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What is the Ebola virus and should I be afraid?
Question Date: 2014-10-02
Answer 1:

So Ebola is a virus and like any virus, its main goal is to trick your own cells into making copies of it. It mainly affects cells of the immune system which is one of the main reasons your body has trouble getting rid of it. Since its using human cells to reproduce in the body, it stops the cells from performing their normal functions which leads to severe sickness. For most people the symptoms will be flu-like, but for some people, there will be severe internal and external bleeding. It’s very simple and all it can really do is get into your cells and make more viruses.

As reference, the Ebola virus has 7 genes whereas a human has 20,000 genes. Experts think that the virus originated in bats and that people in Africa that eat bats may have got the disease first.

Ebola is a big problem in parts of West Africa right now. This is mostly due to the fact that the countries which are affected are very poor and don’t have the ability to contain the virus effectively. However, in the United States we are very equipped to deal with viral outbreaks and have a world-leading organization just for this purpose, the Center for Disease Control (CDC). In addition, we can put a lot more money into making sure people don’t spread the disease and are treated properly. If you read or watch the news, Ebola probably seems pretty scary. That’s because news organizations are businesses and they are trying to make money. If you are scared of Ebola, then you will watch the news every day which makes them more money. As scientists, it is important to look at all the facts and not get scared just because everybody else is scared.

To quote an expert on the Ebola outbreak, if you are afraid of getting Ebola, “Turn of the TV.”


Answer 2:

Ebola is a virus. It's a particularly bad virus, but not biologically different in function than a cold. It is deadly because it can make you bleed inside and have a bad fever. Should you be afraid of it? No, definitely not. It's spreading in Africa because of a lack of good medical facilities. You can only get this from touching the bodily fluids (sweat, spit, blood, etc.) of people who have the virus. It is difficult to spread, but, overseas they do not have the ability to contain it as well. It will not spread in America because in general we have better facilities to treat sick people without touching them. If someone has Ebola, the way to stop it from spreading is just to not touch them. This is definitely a case of knowledge being better than fear, since fear and confusion in Africa have led to a lot of the deaths and panic.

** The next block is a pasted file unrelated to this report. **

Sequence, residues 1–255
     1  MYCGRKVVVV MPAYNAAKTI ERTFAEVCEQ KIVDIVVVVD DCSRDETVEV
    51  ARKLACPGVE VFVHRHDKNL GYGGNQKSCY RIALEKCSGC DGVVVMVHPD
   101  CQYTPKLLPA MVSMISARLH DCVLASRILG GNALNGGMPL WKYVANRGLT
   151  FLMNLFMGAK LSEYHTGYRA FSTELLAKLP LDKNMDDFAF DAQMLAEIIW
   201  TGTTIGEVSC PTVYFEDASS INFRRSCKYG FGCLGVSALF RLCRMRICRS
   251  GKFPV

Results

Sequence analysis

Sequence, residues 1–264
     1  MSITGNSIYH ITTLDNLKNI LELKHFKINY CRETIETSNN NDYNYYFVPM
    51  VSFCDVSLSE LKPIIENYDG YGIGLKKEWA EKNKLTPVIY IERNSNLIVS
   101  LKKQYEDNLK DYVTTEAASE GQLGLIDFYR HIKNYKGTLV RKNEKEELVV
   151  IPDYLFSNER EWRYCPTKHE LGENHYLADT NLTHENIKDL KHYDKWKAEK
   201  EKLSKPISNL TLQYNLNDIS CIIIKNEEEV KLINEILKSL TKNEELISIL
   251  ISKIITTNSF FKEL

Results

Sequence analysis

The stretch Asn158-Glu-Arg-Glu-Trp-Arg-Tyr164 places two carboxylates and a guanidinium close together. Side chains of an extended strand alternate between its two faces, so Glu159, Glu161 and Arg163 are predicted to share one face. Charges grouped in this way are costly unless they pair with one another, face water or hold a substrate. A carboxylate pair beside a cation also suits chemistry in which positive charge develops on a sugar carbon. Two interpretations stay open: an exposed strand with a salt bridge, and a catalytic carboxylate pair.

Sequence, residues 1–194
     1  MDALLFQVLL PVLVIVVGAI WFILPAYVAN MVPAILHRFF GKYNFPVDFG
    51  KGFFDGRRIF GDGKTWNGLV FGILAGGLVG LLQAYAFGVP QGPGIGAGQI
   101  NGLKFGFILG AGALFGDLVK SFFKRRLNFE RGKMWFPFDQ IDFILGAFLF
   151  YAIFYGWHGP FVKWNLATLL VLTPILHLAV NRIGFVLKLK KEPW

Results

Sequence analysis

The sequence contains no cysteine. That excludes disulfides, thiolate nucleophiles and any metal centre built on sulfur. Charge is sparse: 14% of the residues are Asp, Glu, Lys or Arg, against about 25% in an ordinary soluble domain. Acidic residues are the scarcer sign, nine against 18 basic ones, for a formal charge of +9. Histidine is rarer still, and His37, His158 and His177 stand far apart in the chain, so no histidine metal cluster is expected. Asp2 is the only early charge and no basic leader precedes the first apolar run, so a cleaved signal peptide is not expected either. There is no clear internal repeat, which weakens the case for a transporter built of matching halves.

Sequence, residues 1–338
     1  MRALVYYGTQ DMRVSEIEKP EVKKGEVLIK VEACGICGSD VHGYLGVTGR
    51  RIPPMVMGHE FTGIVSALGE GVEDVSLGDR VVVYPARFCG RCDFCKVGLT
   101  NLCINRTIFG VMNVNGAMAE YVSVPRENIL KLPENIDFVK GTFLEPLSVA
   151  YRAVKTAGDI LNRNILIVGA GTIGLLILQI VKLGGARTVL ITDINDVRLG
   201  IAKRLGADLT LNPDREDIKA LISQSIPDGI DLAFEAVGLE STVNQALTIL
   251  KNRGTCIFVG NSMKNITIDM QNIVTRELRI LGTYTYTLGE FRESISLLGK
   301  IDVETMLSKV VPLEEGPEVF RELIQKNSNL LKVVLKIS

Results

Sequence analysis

Answer 3:

A Ebola is also called hemorrhagic fever in humans. Viruses infect the cells of a living organism in order to reproduce. Ebola is a type of virus which can be contracted through blood bodily fluids and can cause fever, internal and external bleeding, weakness, stomach pain, and diarrhea. Major outbreaks have been recorded in Liberia and Guinea, Sierra Leone, and Nigeria. One of the first Americans to be infected by the virus were two doctors who were doing social work in those regions of Africa. Currently, there is no specific, guaranteed treatment available for the virus.

Even though the Ebola virus may be fatal to some people, unless you are traveling to Africa you shouldn't be necessarily scared about it. You should definitely be cautious, since the infected doctors were brought back to the US and because there may have been one documented case in the US. As with any virus, you should always be cautious, always wash your hands, and maintain hygienity. The US has a good containment infrastructure such that there is a low probability there will be an Ebola outbreak in the nation.

This article will give you more information also:
read here

Answer 4:

The ebola virus is a very lethal virus that lives in parts of tropical Africa and may spread elsewhere in the world as a result of transportation of infected people and possibly climate change. If you travel to an area that contains it, or if that area expands to include you, then you should be aware of it, but it is highly likely that there are other things that you should be *more* afraid of than ebola, even among diseases (malaria leaps to mind, for example).



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